Measuring Success April 28 2016 1 Comment
The Merriam-Webster dictionary defines the word ‘success’ as: “The fact of getting or achieving wealth, respect or fame”. But I think that word can have a much more personal meaning.
I asked around. Some considered themselves successful because they were “a good parent”, “a good friend”, or “a good citizen throughout life”. When I asked my dad his meaning of success, he said with certainty, “Contentment”; my mom and Chris both gave a more general statement of, “Success is achieving what you set out to do”.
I contemplated all of these ideas, and my own, while running my 20th full marathon this past May 1. Trust me when I say I had plenty of time to think.
This race was special for a lot of reasons. It was my 10th Anniversary of not only racing, but racing for the Leukemia & Lymphoma Society’s Team in Training. I had begun a decade before – at this very same New Jersey Marathon, 10 years and 1 day before – to help “cure” my friend Marybeth who was bravely battling cancer. I couldn’t go through rounds of radiation and chemotherapy for her, nor could I ease the pain and suffering that she, her husband Jamie and son Corey were facing, but I could do something, and that “something” was to complete a marathon and raise $2500 for cancer research and remedy.
Ten years ago, I deemed it a success that I finished that first 26.2 unscathed and smiling. A few years later, success was that Marybeth was cancer-free. And as I continued racing, raising money and now training others to do the same, we were helping fund innovative research that was helping bring patients back from the brink of death.
But, ten years later, a lot was riding on this day. In the end, what would have to happen to have it be considered a success?
When I registered for the race with Team in Training, 10 months earlier, I wrote down my four goals:
- Raise $10,000 in commemoration of my 10th year with the Leukemia & Lymphoma Society
- Finish my 20th Full Marathon…
- …with a Personal Best time
- Celebrate every step and HAVE FUN!
Well, going to the starting line, on the chilling, raining morning of May 1, I knew I had not merely met, but surpassed my #1 goal. I raised more than $12,000 for a cancer cure for that race alone, bringing my ten-year total to nearly $27,000!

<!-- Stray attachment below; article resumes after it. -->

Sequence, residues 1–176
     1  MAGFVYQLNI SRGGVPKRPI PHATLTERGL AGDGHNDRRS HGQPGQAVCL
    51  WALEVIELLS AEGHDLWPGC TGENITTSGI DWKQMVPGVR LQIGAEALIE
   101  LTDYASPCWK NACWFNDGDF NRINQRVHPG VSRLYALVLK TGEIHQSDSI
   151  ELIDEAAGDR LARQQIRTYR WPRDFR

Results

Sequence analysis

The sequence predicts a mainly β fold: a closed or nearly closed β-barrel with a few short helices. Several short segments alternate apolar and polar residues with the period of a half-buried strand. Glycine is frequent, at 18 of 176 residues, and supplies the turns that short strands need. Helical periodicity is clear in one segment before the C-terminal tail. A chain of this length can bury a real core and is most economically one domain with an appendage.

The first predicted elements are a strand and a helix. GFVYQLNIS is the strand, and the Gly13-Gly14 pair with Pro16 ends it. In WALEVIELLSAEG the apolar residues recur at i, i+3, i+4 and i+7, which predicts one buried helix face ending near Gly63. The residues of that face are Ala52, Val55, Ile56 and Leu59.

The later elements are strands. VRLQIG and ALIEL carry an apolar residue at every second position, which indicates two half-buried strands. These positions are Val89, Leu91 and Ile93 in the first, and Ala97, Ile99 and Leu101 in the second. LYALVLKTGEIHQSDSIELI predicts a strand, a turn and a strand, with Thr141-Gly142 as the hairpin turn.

When I hit the magical $10K mark with less than one month to go, I began joking, “I made it, so all I have to do is run the thing!” And now that moment was here… and I’d be lying if I didn’t say I was pretty scared.
I was not worried that I wouldn’t finish – after all, I had done 19 Full Marathons before. But a Personal Best time AND stops for hugs and high-fives? On that, I was not sure.
When I began training for this race, my coach Greg said I could choose one or the other – run my best race or enjoy myself. I said, assuredly, that I wanted both, but I was not sure I could actually do both. Would I be a success if I failed?
When my corral was let loose onto the course, I understandably had a lot on my mind. I stayed close to the pacers carrying the finishing time I was hoping to hit and, with each step, my worries got farther and farther behind me. Without realizing it, I was achieving my fourth goal – to “have fun”.
I looked less at my pace watch and more at the cheering crowds. I stopped to take photos with my youngest nieces, Maggie and Emma, who endured hours in the wind and rain to scream, “Go Auntie Go!” I hugged my parents and Chris, who had ridden his bicycle to the course in case I needed alongside support.
I high-fived every kid and each of my fellow TNT coaches that took a moment to share in my journey. And, with one mile to go, I held on tight to my friend Bob, who was my TEAMmate during the 2013 Boston Marathon when our race was cut short by the terrorist attacks – he and his wife Mary drove hours to stand at mile 25 near where we both had been stopped in Boston.
One mile later, with wonderful friends in tow and my loved ones cheering on the sidelines, I finished – having shaved 14 minutes off my previous Personal Best time. I had succeeded at everything I set out to do that day. More importantly, I realized that success was not just finishing my best race, with a smiling face and my fundraising met. Success was being willing to put myself to the test in the first place – setting goals and allowing myself to attempt reaching them while risking failure.
I guess that answers my question.